As Ben Yu, the guy who famously, or should it be infamously, fortuitously, cleverly, or due to good timing(?), earned over $400,000 with a $10,000 investment in Bitcoin and Ethereum says on NextShark
… Gold, on the other hand, doesn’t inflate like fiat currencies do. That’s because there’s an intrinsically limited supply, and consequently, things tend to cost the same in gold over long periods of time. In fact, 2,000 years ago, Roman centurions were paid about 38.58 ounces of gold. In US dollars today, this comes out to about $48,350. The base salary of a captain in the US army today comes out to just about the same at $48,500. /UNQUOTE
That might seem like a digression, but it’s not, because when an important gold mine closes down, the value of gold shoots up. It’s an invariable consequence of anticipated lower supply.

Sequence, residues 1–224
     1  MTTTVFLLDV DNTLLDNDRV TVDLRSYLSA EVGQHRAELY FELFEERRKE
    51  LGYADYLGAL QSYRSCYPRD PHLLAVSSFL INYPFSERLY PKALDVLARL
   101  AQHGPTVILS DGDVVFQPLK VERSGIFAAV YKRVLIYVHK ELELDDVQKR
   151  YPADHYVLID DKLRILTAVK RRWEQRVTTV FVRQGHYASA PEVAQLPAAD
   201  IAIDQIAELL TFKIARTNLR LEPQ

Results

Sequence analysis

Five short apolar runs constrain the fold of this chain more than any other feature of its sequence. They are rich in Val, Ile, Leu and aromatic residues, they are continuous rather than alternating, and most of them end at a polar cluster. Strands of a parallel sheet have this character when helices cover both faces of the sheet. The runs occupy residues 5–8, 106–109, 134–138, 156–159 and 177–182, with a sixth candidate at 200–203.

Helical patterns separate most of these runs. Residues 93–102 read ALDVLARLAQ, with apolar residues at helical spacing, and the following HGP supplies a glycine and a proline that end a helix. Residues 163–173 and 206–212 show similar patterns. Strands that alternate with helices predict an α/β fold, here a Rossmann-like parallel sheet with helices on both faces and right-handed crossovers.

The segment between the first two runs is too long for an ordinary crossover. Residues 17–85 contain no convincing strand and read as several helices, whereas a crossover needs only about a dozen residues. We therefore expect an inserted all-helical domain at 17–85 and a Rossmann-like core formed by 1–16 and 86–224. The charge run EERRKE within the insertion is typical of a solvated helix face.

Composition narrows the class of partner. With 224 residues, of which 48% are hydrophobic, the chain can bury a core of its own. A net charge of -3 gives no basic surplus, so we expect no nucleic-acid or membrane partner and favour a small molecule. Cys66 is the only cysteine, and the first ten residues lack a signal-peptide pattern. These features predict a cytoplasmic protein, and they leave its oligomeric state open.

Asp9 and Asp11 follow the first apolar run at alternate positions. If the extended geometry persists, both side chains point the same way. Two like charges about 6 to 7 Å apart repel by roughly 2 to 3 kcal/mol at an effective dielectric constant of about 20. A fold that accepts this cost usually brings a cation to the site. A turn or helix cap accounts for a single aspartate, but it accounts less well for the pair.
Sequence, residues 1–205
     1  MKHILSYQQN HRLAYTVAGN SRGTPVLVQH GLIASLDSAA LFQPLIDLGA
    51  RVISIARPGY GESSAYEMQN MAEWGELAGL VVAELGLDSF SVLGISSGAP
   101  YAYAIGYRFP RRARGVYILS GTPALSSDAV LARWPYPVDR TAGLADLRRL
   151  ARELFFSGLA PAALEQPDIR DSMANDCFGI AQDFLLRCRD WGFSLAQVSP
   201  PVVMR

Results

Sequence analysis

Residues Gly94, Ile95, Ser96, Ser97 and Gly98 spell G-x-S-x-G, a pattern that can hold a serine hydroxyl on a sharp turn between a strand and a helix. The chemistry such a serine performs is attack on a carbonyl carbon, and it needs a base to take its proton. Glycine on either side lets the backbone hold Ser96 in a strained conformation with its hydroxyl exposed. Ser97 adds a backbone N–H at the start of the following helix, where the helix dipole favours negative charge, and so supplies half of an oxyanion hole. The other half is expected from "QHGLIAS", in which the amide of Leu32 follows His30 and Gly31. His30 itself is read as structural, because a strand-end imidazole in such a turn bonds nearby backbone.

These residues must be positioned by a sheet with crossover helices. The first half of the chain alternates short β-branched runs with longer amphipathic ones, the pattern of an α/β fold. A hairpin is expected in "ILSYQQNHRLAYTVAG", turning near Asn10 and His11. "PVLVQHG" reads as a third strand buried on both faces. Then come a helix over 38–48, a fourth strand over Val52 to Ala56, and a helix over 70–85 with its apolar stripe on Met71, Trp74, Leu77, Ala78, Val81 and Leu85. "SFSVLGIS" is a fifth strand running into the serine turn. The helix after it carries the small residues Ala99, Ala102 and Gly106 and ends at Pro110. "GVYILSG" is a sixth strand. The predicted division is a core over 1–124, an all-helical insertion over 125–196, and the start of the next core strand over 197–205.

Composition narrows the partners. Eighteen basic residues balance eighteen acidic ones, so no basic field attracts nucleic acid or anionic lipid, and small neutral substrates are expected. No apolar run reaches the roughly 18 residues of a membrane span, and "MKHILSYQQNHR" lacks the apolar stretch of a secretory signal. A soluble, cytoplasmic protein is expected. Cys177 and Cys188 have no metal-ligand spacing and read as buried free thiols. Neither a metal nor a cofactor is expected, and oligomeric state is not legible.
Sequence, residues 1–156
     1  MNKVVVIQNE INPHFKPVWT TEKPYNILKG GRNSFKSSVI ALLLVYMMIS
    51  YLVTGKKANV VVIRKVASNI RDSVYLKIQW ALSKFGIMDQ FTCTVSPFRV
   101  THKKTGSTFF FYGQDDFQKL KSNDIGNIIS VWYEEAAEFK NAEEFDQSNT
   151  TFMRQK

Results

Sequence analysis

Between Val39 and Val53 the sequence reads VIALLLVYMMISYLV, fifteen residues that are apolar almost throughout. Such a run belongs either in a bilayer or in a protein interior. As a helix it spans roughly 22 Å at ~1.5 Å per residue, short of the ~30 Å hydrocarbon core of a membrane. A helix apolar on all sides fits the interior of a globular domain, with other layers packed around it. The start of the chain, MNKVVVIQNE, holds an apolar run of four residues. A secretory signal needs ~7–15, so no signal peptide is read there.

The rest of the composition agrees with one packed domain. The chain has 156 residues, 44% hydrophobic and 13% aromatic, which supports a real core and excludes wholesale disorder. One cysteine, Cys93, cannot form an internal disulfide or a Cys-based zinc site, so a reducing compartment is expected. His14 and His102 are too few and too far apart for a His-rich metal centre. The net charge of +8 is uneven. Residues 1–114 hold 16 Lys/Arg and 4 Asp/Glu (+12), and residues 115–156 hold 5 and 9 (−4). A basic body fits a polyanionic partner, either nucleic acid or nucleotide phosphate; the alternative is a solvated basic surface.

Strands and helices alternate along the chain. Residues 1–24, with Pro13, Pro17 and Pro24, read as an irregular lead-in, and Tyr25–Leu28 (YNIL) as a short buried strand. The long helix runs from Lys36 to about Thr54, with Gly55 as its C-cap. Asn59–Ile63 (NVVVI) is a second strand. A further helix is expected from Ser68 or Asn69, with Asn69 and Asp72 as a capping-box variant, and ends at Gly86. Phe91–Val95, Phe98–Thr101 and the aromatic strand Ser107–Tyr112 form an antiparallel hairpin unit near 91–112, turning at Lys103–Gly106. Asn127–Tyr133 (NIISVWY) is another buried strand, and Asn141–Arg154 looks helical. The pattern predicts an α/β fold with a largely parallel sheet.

Another quote just to make the point, this time from Business Insider contemplating what will happen if the last currently known gold reserves are depleted in the next 20 years:
Another consequence of recovering the last known nugget? The gold price could spike dramatically to levels only imagined. My colleague Jim Rickards, in his book “The New Case for Gold,” puts it at $10,000 an ounce. GoldMoney founder James Turk says it’s closer to $12,000. There’s really no way of knowing how high gold could go. /UNQUOTE
My Point about LiteCoin Potential
Bearing all this in mind, my point is not that you should invest in gold, although some people might point you that way, but in something that has even greater potential long-term value. When there is no more LiteCoin to issue, the price will have no option but to skyrocket in value, and there is no way of knowing just how high the price could reach. The only LiteCoin available then will be from those willing to sell, and as people grasp for LiteCoin of ever-increasing value, those who sell will be selling at a good profit, causing the price to rise even more, with the effect that more people will want to buy in. And so the cycle of LiteCoin inflation continues, with no end in sight.